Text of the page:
That said GDD is a document that is tailored to any specific project’s needs, and they may be a lot different compared to each other. Some games have several pages of design documents that describe everything down to its minute detail. While others barely make it to two pages.
We encourage you to make your GDD as clear and detailed as possible. But in the end, the volume and structure of it depend entirely on the scope of your project. A Tetris game doesn’t have a story or characters or lots of concept art, so it’s bound to have a lighter GDD than a Call of Duty game.
Who Is It Good For?
It doesn’t matter if you’re the game designer or the character modeler. Even if you’re not going to write it yourself, you should know how to use GDD properly.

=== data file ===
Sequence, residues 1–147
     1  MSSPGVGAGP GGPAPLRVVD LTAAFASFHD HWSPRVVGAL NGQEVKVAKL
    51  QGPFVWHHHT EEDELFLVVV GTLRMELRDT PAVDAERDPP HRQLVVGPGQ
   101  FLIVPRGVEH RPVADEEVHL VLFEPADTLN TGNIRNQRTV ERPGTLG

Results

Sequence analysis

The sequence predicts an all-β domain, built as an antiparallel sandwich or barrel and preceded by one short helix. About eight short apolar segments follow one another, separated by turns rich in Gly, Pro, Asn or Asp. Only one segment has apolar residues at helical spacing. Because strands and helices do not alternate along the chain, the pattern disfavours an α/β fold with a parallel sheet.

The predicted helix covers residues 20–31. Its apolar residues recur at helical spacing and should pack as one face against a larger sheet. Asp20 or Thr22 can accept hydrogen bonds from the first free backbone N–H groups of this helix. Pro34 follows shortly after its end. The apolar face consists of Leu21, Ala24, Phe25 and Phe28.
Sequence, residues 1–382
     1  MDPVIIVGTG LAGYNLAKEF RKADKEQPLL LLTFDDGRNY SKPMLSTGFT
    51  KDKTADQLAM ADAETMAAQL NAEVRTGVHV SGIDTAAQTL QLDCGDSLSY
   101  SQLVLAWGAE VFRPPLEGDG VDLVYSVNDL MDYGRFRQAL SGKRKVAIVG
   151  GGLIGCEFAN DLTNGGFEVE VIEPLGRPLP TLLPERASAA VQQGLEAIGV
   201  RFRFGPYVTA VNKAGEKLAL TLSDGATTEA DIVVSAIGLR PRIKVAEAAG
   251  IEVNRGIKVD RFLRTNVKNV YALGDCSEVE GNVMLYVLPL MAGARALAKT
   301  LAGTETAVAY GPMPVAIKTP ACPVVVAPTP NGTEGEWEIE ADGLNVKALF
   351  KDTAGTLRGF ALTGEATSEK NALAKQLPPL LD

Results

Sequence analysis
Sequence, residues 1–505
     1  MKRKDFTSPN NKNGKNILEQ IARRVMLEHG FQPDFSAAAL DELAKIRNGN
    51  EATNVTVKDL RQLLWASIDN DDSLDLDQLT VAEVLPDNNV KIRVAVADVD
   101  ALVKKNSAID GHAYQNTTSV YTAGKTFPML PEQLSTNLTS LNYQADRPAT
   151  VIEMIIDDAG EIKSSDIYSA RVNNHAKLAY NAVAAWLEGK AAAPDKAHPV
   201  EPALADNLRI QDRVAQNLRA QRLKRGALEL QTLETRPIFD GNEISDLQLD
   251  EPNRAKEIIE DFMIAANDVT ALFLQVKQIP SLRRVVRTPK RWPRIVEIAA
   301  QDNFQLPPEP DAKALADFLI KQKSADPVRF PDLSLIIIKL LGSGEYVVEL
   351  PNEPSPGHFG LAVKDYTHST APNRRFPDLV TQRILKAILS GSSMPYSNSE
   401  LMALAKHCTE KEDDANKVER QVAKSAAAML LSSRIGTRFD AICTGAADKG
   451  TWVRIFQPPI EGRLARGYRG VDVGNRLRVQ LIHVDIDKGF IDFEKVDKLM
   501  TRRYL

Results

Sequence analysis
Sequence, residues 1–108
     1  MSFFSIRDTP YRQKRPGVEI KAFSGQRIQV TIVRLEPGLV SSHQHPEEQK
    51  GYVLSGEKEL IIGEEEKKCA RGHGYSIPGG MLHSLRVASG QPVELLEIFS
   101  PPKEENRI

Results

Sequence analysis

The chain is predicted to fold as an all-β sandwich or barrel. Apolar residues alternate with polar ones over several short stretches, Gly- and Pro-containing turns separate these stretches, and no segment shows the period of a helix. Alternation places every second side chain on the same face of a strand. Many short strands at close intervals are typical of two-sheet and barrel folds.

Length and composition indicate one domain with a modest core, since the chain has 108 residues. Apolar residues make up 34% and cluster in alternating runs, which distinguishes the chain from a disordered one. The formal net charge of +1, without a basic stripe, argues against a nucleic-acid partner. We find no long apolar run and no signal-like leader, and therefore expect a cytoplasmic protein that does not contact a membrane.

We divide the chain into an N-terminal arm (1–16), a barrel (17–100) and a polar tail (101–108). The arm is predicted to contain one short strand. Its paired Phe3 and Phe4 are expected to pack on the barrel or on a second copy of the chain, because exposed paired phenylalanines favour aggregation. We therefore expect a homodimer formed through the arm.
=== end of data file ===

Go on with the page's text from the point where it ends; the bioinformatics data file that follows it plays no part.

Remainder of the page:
- People who are directly involved in the game development process. While it’s the game designer who eventually writes it up, GDD is created as a collaboration of the entire development team. Game designer sit down with artists, coders and marketers to discuss and add to GDD based on their unique skillsets.
- Business owners and individuals who have a great game idea, but don’t want to develop it themselves. They still need to be able to communicate their idea efficiently to the team that is going to develop the game. This will save a lot of time and money for both sides, and makes sure the end result will be closer to the initial vision. They don’t have to write a full GDD, as a Game Concept Paper will be enough for their purpose.
Game Design Document Template + Explanation
We talked about whats and whys of writing a Game Design Document, but what exactly goes inside a GDD? The exact titles might be different from GDD to GDD, but the topics are the same.